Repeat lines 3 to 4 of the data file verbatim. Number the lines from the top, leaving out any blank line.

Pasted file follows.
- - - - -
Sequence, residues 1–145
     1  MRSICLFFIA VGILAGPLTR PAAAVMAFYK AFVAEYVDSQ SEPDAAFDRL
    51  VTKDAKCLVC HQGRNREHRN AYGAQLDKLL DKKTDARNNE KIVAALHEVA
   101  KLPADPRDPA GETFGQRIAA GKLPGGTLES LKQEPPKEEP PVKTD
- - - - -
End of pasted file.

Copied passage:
    51  VTKDAKCLVC HQGRNREHRN AYGAQLDKLL DKKTDARNNE KIVAALHEVA
   101  KLPADPRDPA GETFGQRIAA GKLPGGTLES LKQEPPKEEP PVKTD